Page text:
The Greek and Roman culture were polytheists, which means they believed in many gods. The Roman gods were derived from the Greek gods. The Romans revered their emperor as a god, as well as had a household god, gods of the city, and gods of the nation. The Bible itself lists several foreign gods and warns Israel against naming them and lists times when Israel has worshiped them. (Acts 14:17, Acts 17:22, Judges 10:6, 1 Samuel 12:10, Exodus 23:13) As Christians, knowing about the religious background of the Greeks and Romans helps us to better understand their culture.
Who were some of the Greek gods?
Zeus – the supreme ruler of the Greek gods on Mt. Olympus. He was the god of justice, and has power over the weather, specifically thunder.
Hera – wife of Zeus, she was the goddess of marriage and birth.
Ares – son of Zeus & Hera, he was the god of war and violence.
Aphrodite – goddess of love and beauty.
Artemis – goddess of the hunt, also associated with the moon.
Hermes – son of Zeus, god of agriculture, the arts, and industry. This included shepherds, merchants, and literature. He was also the messenger for the other gods.
Who were some of the Roman gods?
Jupiter – comparable to Zeus, god of light, sky, and the state.
Juno – comparable to Hera, Jupiter’s wife, the patroness of Rome.
Mars – comparable to Ares, god of war and military conquest.
Venus – comparable to Aphrodite, originally was the goddess of gardens and vineyards, but later became the goddess of love and beauty.
Diana – comparable to Artemis, goddess of nature and childbearing. She was pictured as a hunter.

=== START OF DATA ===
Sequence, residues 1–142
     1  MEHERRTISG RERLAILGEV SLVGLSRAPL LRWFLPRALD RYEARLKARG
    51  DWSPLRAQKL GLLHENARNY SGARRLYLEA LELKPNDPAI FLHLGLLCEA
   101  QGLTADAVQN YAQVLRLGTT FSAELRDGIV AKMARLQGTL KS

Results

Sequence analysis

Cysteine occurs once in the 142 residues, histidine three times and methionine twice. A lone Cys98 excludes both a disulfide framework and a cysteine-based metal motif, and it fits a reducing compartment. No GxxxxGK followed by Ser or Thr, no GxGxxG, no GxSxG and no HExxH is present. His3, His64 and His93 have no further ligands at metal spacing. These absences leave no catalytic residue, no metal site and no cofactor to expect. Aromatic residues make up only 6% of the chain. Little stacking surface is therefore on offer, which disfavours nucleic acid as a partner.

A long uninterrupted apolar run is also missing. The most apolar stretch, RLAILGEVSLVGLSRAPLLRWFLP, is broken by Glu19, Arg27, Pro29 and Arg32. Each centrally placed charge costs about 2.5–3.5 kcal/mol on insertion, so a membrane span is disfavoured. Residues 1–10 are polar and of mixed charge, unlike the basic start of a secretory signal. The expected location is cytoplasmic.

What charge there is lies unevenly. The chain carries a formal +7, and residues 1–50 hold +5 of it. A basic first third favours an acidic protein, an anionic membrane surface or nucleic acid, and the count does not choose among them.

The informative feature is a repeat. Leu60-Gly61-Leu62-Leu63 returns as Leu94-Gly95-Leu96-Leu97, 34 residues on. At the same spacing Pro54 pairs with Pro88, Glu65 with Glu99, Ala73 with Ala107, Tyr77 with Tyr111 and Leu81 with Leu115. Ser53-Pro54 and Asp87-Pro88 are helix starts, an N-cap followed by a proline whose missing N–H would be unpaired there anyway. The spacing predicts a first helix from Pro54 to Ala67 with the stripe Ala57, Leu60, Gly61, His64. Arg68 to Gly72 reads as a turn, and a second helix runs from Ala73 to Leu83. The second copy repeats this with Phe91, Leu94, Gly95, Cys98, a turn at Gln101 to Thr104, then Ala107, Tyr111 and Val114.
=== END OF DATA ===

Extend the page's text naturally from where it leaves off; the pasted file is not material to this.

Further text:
Mercury – comparable to Hermes, was the messenger of the gods, and the god of trade and travel. He was also depicted as having winged sandals.
The Greeks envisioned their gods as having human characteristics; they were jealous, lovers, and took sides in the wars of men. The Roman gods were greatly influenced by Greek mythology, however, they believed that their religion was a trade-off: service, sacrifices and offerings, in exchange for good fortune. Roman gods represented abstract qualities: like beauty, justice, or courage.
Other Resources: Greek gods, Story of the World V.1 ch.18 pp.131-135 & V.1 ch.23 pp.169-172; Roman gods, Story of the World V.1 ch.27 pp.198-204 & V.1 ch.28 pp.205-207; Everything You Need to Know About World History Homework: p.17 & p.23; Mystery of History Lessons 12, 25, 39, 49, 80-81, 41, 60, 71-77, 83, 85-87; Kingfisher pp.16-17, 38, 52-55, 56
Science image source
Cell Membrane – surrounds and protects the cell
Cytoplasm – fills the membrane, with a jelly like substance, and supports the organelles and the nucleus
Nucleus – stores the DNA, the cell’s genetic information
Vacuoles – storage container of the cell, some store food while others store waste products
Mitochondria – convers sugars into ATP energy. ATP = adenosine triphosphate
Golgi Bodies – prepare proteins and carbohydrates to be transported from the cell
Cute video on the parts of an animal cell. Just a warning it does not include the vacuole, to be honest I could not find a video that included it; please let me know if you know of one!
Other Resources: Everything You Need To Know About Science Homework p.13
Skip count the 5’s
Skip count the 6’s
Prepositions (week 3 prepositions start at 11 seconds)
Other resources for the Hebrew Empire: Story of the World V.1 ch.14 pp.103-109 & V.1 ch.38 pp.285-287; The Usborne Internet-Linked Encyclopedia of World History pp.142-143
Drawing upside down helps you develop your ability to recognize shapes and lines in a picture and to draw what you see, not what you think you see.
Click here to be taken to halfahundredacrewood.com for a great explanation of upside down drawing. Scroll down to week 3 on her page!
Here is another great resource from scholastic on upside down drawing.
Timeline (week 3 starts at 52 seconds)
Click here for a great correlating booklist created by halfahundredacrewood.com. The list is broken down for each CC subject.
Click here for another great reading list created by livingouthislove.com.